Mutual Wills were once a popular method for couples to jointly manage their estate and ensure their assets were distributed according to their wishes upon their passing.
They are becoming increasingly unpopular and problematic, with many Will practitioners advising their clients to avoid them given the difficulties that arise following the first individual's death.
A Mutual Will is when two individuals make Wills based on a binding agreement that neither will change their Wills, and the provisions for asset distribution are agreed upon.
These Wills aim to create a combined estate plan, usually for a committed couple.
They provide a sense of reassurance that even if one person passes before the other, their estates will pass in line with their agreed intentions.
For example, a husband and wife make Mutual Wills and leave their entire estates to each other and on the death of the survivor, 50% will pass to the husband's children from a previous relationship, and the other 50% will pass to the wife's children also from a previous relationship.
On the death of the first spouse, a trust of the couple's assets arises, and whilst the surviving spouse is free to use the assets, the Mutual Wills ensure that the remaining assets of the couple at the date of the first death are distributed in accordance with the terms of the Mutual Wills.
The use of the assets is restricted to the extent that the use of those assets does not result in the disposition of assets calculated to defeat the terms of the Mutual Will.
Mirror Wills are usually made by two people where the contents "mirror" that of the other Will, but the Wills can be changed at any time provided the person has sufficient mental capacity.
Mutual Wills can usually be changed by agreement while both parties are still alive and retain mental capacity, but once one of the parties dies, the surviving party cannot change their Will.
The challenge is that the surviving party's circumstances may change over time, and they may wish to update their Will to reflect their changing relationships.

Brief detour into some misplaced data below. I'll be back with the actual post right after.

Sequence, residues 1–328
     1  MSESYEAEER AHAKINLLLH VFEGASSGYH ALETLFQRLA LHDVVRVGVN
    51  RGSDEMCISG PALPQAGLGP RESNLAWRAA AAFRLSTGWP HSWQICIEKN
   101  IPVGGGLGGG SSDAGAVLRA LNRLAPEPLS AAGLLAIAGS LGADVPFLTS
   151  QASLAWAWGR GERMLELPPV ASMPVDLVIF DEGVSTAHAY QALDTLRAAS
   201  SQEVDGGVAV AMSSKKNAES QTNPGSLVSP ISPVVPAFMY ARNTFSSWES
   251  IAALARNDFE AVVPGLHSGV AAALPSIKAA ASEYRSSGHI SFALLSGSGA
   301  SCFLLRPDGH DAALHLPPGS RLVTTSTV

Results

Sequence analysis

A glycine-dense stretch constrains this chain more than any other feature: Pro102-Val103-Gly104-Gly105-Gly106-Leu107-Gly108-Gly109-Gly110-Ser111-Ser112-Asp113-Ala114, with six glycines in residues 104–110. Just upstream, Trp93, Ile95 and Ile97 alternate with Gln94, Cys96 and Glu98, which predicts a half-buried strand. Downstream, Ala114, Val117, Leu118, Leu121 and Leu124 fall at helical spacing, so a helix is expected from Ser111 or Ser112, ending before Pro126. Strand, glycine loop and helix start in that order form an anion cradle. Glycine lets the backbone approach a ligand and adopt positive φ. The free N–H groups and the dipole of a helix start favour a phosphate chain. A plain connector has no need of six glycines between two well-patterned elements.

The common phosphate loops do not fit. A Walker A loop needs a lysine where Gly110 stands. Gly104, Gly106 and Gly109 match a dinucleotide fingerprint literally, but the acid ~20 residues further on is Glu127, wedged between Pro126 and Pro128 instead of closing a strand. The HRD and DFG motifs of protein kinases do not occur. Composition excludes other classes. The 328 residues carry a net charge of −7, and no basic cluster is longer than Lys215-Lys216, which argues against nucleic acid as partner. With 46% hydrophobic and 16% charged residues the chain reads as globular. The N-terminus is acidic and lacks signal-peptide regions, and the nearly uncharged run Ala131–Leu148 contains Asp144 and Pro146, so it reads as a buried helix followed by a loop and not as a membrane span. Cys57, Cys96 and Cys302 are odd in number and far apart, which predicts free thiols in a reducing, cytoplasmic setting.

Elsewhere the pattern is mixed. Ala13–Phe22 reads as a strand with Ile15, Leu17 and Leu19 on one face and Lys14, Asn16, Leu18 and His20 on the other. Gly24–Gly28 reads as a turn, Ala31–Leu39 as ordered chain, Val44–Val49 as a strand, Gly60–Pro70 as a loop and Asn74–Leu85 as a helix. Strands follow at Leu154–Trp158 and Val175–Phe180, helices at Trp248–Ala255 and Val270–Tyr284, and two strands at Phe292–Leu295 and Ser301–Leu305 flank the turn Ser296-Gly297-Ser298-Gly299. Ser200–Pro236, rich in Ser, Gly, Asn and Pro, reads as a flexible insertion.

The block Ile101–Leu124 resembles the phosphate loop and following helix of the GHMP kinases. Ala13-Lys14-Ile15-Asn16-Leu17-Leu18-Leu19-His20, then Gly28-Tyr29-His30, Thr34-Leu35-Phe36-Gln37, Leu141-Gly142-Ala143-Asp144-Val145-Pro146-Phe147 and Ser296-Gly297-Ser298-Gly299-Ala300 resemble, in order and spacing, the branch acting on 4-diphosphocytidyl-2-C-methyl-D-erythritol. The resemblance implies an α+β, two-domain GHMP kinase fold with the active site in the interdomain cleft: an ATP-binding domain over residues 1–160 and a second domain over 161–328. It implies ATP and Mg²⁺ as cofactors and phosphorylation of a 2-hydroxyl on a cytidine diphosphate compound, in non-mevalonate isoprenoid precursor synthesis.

This is particularly likely to be the case if there is a long period of time between the death of the two parties.
Mutual Wills can also result in an increased likelihood of Will and estate.
The beneficiaries of the Will or family members excluded from the Will may look to dispute the Will if they believe it produces an unfair result.
These types of disputes are often costly, lengthy and can cause emotional distress and damage relationships between surviving family members.
The principle of testamentary freedom is fundamental to the law of England and Wales. It refers to an individual's right to dispose of their assets as they wish upon their death.
Mutual Wills limit this freedom for the survivor in the couple, and they will remain bound by the terms of the Mutual Will even if their wishes have changed, which can be frustrating.
Depending on how they are drafted, Mutual Wills may result in the surviving party struggling to access or manage certain assets independently, as the Will may impose restrictions.
There can also be uncertainty as to how assets acquired by the survivor after the death of the first spouse are treated, and therefore careful accounts and administration of the assets in the estate will be required, which can be restrictive and cumbersome.
Mutual Wills seem like a helpful choice for couples, but they come with significant challenges and risks for the future.
An alternative would be to make mirror Wills but incorporate trusts, which can have the same effect without all the potential problems arising.
If you are considering making Wills and require estate planning, please get in touch with a member of our experienced Wills, Trusts and Probate team to ensure that you avoid the pitfalls outlined above.